The Beehive

This bump on the southern slope of Champlain Mountain, which provides a scenic backdrop for visitors to Sand Beach, looks . . .well,  like a beehive. In 1908, it was the first important acquisition of the Hancock County Trustees of Public Reservations, a local land trust organized by Charles W. Eliot to protect the land that eventually was turned into Acadia National Park.
The three-quarter-mile Beehive Trail up to the 520-foot summit of this rocky outcrop starts between the Ocean Drive entrance station and the beach. It’s a special favorite of many hikers in Acadia, short enough to not be exhausting but still, in several spots, requiring close concentration.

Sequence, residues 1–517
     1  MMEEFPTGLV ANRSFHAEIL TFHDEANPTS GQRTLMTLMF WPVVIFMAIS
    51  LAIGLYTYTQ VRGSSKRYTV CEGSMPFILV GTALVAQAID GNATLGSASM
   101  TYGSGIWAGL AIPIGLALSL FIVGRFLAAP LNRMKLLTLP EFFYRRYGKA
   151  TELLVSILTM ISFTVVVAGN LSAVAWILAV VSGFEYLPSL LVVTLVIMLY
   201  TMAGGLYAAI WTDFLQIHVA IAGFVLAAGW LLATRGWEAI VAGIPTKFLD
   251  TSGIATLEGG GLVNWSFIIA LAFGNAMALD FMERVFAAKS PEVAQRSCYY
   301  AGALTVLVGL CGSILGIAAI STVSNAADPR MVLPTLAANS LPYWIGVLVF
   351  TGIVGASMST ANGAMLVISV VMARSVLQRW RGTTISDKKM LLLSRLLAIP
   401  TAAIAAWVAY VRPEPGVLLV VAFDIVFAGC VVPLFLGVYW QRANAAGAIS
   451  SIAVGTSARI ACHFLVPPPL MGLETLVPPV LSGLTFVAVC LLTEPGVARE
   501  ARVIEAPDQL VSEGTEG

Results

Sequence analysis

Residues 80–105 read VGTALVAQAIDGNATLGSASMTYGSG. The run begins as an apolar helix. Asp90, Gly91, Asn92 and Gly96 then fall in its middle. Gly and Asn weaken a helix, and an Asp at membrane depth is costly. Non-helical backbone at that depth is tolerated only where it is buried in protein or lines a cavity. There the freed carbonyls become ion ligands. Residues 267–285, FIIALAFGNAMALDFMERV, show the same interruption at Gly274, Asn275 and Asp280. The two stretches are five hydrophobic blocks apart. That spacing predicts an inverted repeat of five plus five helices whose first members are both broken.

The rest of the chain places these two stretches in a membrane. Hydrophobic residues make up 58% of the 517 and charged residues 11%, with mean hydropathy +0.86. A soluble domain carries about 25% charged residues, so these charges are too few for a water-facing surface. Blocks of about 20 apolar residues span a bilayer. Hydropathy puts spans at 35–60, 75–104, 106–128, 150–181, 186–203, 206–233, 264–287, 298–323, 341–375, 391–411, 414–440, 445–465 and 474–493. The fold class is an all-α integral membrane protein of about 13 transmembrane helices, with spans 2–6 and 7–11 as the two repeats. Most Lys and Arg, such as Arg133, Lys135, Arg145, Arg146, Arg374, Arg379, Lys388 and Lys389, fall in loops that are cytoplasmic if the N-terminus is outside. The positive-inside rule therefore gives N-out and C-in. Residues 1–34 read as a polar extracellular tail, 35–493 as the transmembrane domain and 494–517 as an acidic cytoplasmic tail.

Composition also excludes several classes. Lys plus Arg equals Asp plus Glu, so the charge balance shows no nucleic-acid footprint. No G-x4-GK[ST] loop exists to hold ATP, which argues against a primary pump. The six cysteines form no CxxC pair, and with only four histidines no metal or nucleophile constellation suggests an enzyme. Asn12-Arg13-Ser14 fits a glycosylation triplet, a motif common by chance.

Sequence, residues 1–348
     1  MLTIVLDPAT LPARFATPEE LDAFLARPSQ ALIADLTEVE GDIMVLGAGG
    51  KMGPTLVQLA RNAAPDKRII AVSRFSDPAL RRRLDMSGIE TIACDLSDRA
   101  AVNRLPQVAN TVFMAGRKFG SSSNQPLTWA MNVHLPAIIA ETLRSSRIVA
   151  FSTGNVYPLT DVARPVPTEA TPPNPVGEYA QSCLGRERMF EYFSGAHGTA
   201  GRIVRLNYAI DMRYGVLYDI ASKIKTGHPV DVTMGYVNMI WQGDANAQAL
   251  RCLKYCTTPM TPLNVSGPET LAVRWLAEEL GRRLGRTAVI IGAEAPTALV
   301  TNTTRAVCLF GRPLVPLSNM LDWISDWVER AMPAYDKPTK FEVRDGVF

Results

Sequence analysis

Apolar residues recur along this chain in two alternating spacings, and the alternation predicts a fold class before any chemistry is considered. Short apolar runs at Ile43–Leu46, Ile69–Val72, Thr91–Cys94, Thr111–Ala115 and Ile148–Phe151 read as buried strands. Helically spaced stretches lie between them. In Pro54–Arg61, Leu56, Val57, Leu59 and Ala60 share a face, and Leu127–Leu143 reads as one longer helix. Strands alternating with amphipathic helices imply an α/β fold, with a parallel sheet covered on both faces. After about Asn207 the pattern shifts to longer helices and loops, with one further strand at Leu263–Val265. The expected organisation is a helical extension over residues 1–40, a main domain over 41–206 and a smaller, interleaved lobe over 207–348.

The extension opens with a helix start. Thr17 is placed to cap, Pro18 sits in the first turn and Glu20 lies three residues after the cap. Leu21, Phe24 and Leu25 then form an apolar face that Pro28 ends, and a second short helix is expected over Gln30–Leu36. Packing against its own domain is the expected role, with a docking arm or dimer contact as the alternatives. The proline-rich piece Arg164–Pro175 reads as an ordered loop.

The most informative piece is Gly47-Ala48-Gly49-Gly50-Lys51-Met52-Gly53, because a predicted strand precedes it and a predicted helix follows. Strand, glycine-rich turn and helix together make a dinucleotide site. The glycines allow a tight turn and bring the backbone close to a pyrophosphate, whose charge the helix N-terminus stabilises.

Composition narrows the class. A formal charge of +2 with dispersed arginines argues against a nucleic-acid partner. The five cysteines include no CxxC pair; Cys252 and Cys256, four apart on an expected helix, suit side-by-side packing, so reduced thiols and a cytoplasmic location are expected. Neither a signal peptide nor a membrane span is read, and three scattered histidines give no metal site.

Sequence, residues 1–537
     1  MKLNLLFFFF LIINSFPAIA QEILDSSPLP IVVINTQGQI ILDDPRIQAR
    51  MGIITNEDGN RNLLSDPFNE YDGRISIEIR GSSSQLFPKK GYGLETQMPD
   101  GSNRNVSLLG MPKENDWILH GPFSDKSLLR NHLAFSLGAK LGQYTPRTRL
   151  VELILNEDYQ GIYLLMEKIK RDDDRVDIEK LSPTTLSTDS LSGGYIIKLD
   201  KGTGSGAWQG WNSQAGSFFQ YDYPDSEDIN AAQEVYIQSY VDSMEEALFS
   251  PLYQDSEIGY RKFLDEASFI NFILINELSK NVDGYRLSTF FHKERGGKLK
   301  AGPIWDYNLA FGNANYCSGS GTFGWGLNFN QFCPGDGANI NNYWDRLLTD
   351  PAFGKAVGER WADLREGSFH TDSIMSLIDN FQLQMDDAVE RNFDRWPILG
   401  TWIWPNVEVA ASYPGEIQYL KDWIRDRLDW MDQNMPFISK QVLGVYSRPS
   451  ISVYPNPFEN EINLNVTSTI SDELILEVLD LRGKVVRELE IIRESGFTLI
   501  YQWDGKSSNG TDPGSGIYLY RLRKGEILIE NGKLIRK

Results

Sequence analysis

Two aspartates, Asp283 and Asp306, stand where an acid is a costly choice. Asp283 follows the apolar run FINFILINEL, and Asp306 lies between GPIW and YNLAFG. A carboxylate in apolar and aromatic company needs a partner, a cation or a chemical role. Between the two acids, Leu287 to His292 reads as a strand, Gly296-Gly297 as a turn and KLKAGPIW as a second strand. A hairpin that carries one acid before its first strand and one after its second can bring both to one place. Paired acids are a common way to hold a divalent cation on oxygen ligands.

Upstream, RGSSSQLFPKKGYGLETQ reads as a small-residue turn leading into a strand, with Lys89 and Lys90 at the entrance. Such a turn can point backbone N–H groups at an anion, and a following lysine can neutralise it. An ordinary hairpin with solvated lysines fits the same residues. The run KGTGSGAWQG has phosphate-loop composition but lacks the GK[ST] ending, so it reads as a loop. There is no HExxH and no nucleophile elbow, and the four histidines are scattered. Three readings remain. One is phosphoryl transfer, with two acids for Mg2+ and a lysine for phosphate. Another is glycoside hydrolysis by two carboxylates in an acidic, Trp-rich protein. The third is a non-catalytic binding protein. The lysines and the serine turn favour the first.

If the sloping granite sections of the trail get wet, your hike can even be death-defying. An occasional bridge or iron rungs near the top of the trail add to the excitement.
If, having achieved the top of the Beehive, you don’t feel like descending along the same exposed route, an alternate, less steep trail leads down and around to the mountain pond known as the Bowl, and towards Gorham Mountain before it returns you to your starting place.